• Hypothyroidism – People with an underactive thyroid gland can experience fatigue, constipation, memory loss, cold intolerance, dry skin, muscle cramps or pain, depression, weakness, and weight gain. [5]

These symptoms will typically appear a few months after childbirth. Most often, there are two phases to thyroid postpartum. During the first one to six months following delivery, new parents with this condition may experience a form of hyperthyroidism. [2]

The condition can then progress into its second phase: hypothyroidism. At this time, symptoms are very prominent and can impact the person’s everyday life. This stage typically occurs four to eight months following delivery. In some cases, hypothyroidism may remain present for the rest of the mother’s life. In other cases, it may resolve itself within a year. [2]

Who Does Postpartum Thyroiditis Affect?

Typically, women or people AFAB with a history (or family history) of thyroid dysfunction or type 1 diabetes are most at risk of developing postpartum thyroiditis. [2]

In one study, researchers found that gestational diabetes—which occurs when the body can’t make enough insulin during pregnancy—led to the development of both type 1 diabetes and Graves’ disease, an autoimmune disorder characterized by hyperthyroidism. [7]

Of the 11% to 17% of women who develop a thyroid condition following delivery, 5% experience postpartum Graves’ disease. [7]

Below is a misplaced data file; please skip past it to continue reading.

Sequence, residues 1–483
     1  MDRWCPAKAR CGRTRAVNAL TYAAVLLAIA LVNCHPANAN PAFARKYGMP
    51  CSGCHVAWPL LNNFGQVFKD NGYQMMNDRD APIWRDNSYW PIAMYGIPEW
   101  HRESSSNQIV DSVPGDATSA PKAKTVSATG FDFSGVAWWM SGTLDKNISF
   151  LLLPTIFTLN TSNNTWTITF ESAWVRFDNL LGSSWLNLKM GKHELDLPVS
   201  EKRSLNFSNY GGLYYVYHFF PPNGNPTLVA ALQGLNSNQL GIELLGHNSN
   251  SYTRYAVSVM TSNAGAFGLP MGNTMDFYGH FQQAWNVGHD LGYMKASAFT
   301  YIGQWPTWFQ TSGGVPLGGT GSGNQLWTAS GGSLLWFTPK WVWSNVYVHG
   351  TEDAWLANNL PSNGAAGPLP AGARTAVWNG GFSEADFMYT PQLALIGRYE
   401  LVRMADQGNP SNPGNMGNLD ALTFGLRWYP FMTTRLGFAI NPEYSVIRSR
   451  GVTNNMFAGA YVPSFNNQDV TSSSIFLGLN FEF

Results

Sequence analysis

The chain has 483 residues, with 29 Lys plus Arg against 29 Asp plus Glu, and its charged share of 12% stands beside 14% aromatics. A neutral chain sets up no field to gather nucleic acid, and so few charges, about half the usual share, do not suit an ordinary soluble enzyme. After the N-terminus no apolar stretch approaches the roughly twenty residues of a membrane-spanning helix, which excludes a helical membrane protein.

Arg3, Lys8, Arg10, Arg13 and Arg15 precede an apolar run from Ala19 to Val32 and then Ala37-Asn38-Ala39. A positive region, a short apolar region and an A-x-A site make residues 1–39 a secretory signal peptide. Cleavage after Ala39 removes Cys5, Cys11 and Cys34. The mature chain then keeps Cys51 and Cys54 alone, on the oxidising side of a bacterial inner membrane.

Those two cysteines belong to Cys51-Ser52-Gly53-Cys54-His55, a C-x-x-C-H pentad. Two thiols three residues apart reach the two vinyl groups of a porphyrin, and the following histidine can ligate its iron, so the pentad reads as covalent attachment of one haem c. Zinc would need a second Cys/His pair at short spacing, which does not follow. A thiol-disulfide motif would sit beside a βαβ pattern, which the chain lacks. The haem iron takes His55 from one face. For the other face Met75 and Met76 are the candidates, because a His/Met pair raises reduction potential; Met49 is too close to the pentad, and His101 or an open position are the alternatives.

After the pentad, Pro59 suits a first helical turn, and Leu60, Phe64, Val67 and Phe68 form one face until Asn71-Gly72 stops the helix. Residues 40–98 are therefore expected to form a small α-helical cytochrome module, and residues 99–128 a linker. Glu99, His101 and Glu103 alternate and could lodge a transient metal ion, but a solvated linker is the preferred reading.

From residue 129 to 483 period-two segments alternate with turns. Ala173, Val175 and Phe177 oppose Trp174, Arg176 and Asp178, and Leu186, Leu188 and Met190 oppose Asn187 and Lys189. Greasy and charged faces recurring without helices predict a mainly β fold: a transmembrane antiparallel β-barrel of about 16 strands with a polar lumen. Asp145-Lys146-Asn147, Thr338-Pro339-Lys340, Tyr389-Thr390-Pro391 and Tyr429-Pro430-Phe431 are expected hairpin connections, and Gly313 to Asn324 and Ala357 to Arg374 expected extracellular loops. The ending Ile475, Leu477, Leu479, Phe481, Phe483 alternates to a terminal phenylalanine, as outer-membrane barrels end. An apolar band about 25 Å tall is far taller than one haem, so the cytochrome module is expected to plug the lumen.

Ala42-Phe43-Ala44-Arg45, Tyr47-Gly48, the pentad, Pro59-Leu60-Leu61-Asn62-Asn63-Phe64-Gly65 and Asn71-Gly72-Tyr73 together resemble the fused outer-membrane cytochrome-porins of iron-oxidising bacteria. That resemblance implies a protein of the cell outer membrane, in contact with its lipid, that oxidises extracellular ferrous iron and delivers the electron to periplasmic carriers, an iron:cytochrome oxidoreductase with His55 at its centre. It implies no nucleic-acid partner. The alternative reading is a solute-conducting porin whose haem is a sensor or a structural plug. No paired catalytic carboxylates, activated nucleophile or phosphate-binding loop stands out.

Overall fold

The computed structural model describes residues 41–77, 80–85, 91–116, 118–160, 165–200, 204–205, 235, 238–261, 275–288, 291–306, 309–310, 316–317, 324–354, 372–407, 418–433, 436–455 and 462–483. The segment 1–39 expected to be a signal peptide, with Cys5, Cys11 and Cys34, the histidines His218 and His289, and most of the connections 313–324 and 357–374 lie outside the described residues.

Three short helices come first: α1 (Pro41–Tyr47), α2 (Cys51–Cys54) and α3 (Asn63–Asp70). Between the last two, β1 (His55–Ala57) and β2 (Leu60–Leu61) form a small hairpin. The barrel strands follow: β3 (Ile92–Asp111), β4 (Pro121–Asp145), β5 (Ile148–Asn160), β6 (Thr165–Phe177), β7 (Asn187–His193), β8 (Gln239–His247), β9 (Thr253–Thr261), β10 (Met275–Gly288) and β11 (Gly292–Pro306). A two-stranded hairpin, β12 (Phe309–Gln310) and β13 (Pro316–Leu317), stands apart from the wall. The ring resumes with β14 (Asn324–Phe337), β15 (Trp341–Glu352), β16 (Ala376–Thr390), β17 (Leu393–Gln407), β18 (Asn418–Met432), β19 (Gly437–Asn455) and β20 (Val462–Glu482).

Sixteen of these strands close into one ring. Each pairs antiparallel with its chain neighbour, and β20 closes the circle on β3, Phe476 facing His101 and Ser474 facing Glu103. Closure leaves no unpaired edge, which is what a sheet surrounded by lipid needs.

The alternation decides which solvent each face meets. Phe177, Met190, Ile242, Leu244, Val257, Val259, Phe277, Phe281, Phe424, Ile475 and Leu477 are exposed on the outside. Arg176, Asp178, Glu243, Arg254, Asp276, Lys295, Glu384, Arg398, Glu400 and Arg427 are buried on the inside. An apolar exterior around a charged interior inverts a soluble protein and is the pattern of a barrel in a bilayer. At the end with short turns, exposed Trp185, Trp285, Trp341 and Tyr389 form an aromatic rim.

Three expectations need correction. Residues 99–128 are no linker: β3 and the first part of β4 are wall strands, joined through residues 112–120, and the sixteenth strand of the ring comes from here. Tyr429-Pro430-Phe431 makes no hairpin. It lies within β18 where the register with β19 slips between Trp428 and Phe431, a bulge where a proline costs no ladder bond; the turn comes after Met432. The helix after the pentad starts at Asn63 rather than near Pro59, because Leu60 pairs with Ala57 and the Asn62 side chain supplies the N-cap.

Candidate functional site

It’s believed that the chance of developing an autoimmune disorder like Graves’ disease or diabetes increases during the postpartum period, often due to the physiological changes that can occur during pregnancy, such as insulin resistance and immunosuppression. [7]

More specifically, because the fetus needs protection from its parent’s immune system during pregnancy, immune functions alter. Following delivery, the immune system rebounds and accelerates, which can cause thyroid issues. [7]

People with microsomal antibodies in the thyroid may also be at a higher risk of developing postpartum thyroiditis. [2]

See related: Thyroid and Period

What Causes Postpartum Thyroiditis?

Postpartum thyroiditis most often occurs due to antithyroid antibodies attacking the thyroid. [2]

Current studies cannot account for why this happens. However, many researchers hypothesize that this phenomenon occurs in people with an underlying and/or asymptomatic autoimmune thyroid condition. [2] Some cases of postpartum thyroiditis can also present similarly to Hashimoto’s thyroiditis, an autoimmune disorder that causes hypothyroidism.

How to Diagnose and Treat Postpartum Thyroiditis

If you’re experiencing symptoms of postpartum thyroiditis, it's best to make an appointment with your healthcare provider. They can:

  • Assess your symptoms
  • Examine your body
  • Order a blood test to identify whether a thyroid gland is overactive or underactive [2]